There is a popular gospel hymn entitled “How I Got Over.” The song was written and composed by Clara Ward. The lyrics of this song speaks to me, especially as I reflect upon both battles with breast cancer in 2011 and 2016.
Chemotherapy was very grueling on my mental and physical health. Mentally, I was prepared to bounce back and be able to resume my life as I knew it BEFORE breast cancer. I wanted to have the portacath (port) removed because it only served as a reminder of the chemotherapy treatments that I had endured over the last 4 months. My last chemotherapy treatment was on August 24, 2011 and I had the port removed on August 25th, the very next day.
In retrospect, I should not have removed the port so soon. I did not realize that after breast cancer treatment there are many more blood tests that I needed to have each time I had a follow-up appointment with the oncologist. My veins are small and they roll, making it very difficult for the phlebotomists to locate a vein. Therefore, I had to endure several painful needle pokes, whereas if I had kept the port, blood withdrawal would have been virtually painless.
After the last chemotherapy treatment, it took me about 9 days to rebound. After rebounding, I was ready to resume my life and PUT CANCER BEHIND ME. I had convinced myself that eating healthy and changing my lifestyle would help maintain my health and avoid cancer recurrence. So, I decided to detoxify my body by EATING CLEAN, exercising, and avoiding stress.
I had a follow-up appointment with the oncologist about 3 weeks after finishing chemotherapy. During the follow-up visit, the doctor discussed the FINAL PHASE of my breast cancer treatment plan with me. The final phase would consist of 5 years of hormone therapy utilizing a drug named Tamoxifen. After discussing the benefits and the side effects of the drug, I decided that Tamoxifen was not for me. I guess at that time, the potential side effects far outweighed the benefits.
I justified my decision not to take Tamoxifen due to the fact that my body had already been through the wringer. I decided that I had had enough. No way was I going to commit for the next 5 years, to taking a pill which is known to cause severe side effects. I was willing to TRUST GOD AND TAKE MY CHANCES. This SPIRITUALLY IMMATURE CHOICE would later prove to be detrimental to me.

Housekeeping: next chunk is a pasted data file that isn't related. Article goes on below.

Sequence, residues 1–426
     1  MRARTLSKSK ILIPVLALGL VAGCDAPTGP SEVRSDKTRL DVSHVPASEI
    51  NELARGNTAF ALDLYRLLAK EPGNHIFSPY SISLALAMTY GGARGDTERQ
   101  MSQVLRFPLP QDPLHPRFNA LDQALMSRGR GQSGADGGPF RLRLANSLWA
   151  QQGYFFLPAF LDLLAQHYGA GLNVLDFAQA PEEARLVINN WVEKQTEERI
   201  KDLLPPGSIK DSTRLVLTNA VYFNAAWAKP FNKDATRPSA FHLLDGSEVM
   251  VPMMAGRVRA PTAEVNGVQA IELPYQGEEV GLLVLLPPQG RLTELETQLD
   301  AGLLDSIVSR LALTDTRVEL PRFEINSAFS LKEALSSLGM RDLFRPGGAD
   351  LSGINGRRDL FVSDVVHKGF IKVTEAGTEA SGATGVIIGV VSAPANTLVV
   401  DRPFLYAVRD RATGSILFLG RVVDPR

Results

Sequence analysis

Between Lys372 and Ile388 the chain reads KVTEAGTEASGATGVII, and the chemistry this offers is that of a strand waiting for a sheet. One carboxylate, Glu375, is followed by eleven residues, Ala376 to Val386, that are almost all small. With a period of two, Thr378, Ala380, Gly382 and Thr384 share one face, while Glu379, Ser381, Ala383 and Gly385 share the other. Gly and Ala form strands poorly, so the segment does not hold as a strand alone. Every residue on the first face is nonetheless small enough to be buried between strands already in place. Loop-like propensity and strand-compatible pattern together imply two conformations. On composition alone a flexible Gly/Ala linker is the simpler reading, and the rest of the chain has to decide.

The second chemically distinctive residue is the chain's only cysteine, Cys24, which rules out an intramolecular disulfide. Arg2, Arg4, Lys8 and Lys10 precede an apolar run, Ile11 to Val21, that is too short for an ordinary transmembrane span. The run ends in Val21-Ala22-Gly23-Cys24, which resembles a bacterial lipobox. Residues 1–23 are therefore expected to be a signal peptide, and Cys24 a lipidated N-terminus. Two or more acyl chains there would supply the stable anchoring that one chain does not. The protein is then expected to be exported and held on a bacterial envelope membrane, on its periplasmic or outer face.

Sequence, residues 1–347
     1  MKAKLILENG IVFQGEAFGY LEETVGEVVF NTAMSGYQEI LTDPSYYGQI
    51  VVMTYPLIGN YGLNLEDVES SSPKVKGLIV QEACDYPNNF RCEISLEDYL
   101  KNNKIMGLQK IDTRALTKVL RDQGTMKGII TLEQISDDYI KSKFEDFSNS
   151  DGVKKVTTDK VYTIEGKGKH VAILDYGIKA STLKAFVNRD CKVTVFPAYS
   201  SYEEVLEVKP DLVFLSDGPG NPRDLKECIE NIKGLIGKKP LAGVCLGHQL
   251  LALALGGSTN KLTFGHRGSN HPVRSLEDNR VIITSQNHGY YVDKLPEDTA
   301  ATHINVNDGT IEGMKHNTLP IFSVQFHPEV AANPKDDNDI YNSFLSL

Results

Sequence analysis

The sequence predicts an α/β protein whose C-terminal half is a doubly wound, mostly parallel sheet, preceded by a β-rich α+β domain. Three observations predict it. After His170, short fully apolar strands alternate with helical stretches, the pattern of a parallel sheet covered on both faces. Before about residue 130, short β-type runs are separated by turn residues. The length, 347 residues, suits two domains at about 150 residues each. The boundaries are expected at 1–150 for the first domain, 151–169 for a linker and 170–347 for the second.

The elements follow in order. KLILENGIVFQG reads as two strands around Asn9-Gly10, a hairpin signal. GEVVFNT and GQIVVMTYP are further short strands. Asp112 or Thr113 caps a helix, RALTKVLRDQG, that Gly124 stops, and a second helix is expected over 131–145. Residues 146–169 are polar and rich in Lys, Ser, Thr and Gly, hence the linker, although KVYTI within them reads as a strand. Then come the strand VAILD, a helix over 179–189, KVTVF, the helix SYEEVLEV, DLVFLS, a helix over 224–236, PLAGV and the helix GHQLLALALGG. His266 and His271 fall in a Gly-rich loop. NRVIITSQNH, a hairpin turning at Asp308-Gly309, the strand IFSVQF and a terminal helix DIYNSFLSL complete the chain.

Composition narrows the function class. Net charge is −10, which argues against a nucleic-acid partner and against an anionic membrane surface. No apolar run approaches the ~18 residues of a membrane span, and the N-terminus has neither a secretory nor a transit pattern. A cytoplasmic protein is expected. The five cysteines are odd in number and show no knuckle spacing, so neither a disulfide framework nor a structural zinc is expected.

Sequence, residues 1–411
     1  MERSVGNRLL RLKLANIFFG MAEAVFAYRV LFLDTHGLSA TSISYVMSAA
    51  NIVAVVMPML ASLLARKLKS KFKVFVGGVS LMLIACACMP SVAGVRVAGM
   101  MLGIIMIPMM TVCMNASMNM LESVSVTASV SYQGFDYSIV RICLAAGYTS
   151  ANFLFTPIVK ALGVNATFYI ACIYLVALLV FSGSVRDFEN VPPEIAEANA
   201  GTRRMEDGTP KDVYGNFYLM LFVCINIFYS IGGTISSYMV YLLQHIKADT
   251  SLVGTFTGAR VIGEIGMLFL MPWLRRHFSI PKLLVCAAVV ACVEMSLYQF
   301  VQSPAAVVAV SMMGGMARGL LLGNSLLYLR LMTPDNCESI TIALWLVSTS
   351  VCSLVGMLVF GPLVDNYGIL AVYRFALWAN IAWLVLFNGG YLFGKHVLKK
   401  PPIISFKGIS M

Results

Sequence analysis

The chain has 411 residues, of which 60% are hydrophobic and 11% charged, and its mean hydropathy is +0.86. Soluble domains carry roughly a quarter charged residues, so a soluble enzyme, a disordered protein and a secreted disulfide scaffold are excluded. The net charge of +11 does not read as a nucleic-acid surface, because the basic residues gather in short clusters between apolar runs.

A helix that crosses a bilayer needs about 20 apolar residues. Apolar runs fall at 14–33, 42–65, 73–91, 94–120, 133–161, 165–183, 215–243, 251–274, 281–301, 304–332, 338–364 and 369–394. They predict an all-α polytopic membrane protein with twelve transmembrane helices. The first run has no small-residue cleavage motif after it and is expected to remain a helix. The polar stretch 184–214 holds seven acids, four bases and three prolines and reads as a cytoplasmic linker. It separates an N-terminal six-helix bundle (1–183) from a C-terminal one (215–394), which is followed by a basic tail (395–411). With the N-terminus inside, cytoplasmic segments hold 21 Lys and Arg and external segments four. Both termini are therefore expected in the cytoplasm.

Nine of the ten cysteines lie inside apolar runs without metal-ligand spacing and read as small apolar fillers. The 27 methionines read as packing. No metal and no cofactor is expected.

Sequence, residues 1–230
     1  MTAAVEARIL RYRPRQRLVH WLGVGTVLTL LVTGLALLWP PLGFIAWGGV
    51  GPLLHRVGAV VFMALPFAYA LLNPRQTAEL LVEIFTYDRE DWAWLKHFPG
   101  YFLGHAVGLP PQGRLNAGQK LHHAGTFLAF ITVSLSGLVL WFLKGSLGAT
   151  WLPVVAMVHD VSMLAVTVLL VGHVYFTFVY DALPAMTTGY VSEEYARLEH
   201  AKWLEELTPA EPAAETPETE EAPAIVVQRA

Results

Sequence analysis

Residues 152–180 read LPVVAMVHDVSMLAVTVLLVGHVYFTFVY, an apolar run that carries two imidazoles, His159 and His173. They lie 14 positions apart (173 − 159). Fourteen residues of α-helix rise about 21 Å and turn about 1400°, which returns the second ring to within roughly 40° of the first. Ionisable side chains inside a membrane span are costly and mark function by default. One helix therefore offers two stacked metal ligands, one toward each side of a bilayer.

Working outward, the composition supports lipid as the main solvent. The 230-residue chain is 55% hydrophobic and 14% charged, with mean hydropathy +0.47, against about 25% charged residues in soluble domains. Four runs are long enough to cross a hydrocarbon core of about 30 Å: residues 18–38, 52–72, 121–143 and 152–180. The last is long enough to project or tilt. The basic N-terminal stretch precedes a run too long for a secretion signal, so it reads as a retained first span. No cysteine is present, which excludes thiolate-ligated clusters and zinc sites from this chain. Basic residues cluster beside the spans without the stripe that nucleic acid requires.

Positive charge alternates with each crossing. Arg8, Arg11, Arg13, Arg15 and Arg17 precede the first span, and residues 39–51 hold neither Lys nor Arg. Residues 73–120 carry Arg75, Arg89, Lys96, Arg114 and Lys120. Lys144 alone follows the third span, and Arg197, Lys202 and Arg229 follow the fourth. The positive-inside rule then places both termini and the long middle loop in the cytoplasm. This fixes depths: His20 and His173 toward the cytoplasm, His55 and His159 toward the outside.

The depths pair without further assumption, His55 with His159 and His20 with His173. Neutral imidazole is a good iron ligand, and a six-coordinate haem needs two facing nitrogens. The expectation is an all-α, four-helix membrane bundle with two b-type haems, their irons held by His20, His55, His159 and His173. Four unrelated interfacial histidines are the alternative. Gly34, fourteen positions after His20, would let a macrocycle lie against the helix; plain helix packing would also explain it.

Due to sin, none of us is perfect, neither is our bodies. Unfortunately, many of us are plagued with diseases and illnesses of various kinds. Some of these diseases are genetic, while others attach themselves to us due to our cellular make up. Lastly, some diseases come upon us due to our lifestyle and life choices.
For me, breast cancer is not genetic. The type of breast cancer I had was unique to my cellular make up. I have come to understand that just as many diseases are regulated through the use of medication, I too need medication to block cancer cells from attaching themselves to the hormone receptors in my body.
Medicine has been created by scientist to assist the human body in maintaining and/ or healing itself. As a Christian, I believe that God is the ultimate HEALER. I also believe that God has given us medicine to assist us in taking responsibility of maintaining our lives here on earth. In essence, I do not believe that God is against us utilizing medication as a means of assisting us to live the most productive, happy and fulfilling lives possible.
Unfortunately, in 2011, I allowed the fear of potential risk and side effects to be the driving force against taking Tamoxifen. All of the procedures, surgeries and chemotherapy that I had endured were RISKY as well, but God brought me through every procedure.
With regard to making a decision whether or not to take hormone therapy, I invite you to as yourself this question, “Is it worth POTENTIALLY going through exactly what I am going through today, a second time?”
Having gone through breast cancer twice, I can say with all certainty that I wish I had taken the Tamoxifen in 2011. Although I can not be certain that taking the medicine in 2011 would have prevented a recurrence in 2016, at least I would have been able to say to myself that I gave it my all by following the whole treatment plan.
Going through cancer treatment is extremely difficult. Therefore, I would be doing you and myself a huge disservice if I did not encourage you to do all that you can to avoid a recurrence of breast cancer, even if it means taking a hormone therapy pill for the next 5-10 years.
Until next time, Ciao!♥